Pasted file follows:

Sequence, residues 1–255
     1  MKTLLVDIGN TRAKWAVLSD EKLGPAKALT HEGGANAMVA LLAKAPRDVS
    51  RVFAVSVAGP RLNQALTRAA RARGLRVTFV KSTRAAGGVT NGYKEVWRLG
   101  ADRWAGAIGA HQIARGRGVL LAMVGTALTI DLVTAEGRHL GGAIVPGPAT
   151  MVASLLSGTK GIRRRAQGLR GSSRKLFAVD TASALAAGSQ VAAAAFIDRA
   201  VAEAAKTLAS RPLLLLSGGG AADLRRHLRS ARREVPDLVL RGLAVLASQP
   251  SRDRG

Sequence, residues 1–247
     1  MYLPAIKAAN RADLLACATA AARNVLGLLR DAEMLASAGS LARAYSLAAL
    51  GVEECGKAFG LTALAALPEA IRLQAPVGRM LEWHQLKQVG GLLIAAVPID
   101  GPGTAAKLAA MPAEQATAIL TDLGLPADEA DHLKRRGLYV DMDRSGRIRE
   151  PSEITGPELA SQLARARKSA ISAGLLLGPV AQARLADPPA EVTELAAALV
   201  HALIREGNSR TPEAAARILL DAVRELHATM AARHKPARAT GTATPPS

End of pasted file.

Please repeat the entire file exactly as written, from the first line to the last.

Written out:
Sequence, residues 1–255
     1  MKTLLVDIGN TRAKWAVLSD EKLGPAKALT HEGGANAMVA LLAKAPRDVS
    51  RVFAVSVAGP RLNQALTRAA RARGLRVTFV KSTRAAGGVT NGYKEVWRLG
   101  ADRWAGAIGA HQIARGRGVL LAMVGTALTI DLVTAEGRHL GGAIVPGPAT
   151  MVASLLSGTK GIRRRAQGLR GSSRKLFAVD TASALAAGSQ VAAAAFIDRA
   201  VAEAAKTLAS RPLLLLSGGG AADLRRHLRS ARREVPDLVL RGLAVLASQP
   251  SRDRG

Sequence, residues 1–247
     1  MYLPAIKAAN RADLLACATA AARNVLGLLR DAEMLASAGS LARAYSLAAL
    51  GVEECGKAFG LTALAALPEA IRLQAPVGRM LEWHQLKQVG GLLIAAVPID
   101  GPGTAAKLAA MPAEQATAIL TDLGLPADEA DHLKRRGLYV DMDRSGRIRE
   151  PSEITGPELA SQLARARKSA ISAGLLLGPV AQARLADPPA EVTELAAALV
   201  HALIREGNSR TPEAAARILL DAVRELHATM AARHKPARAT GTATPPS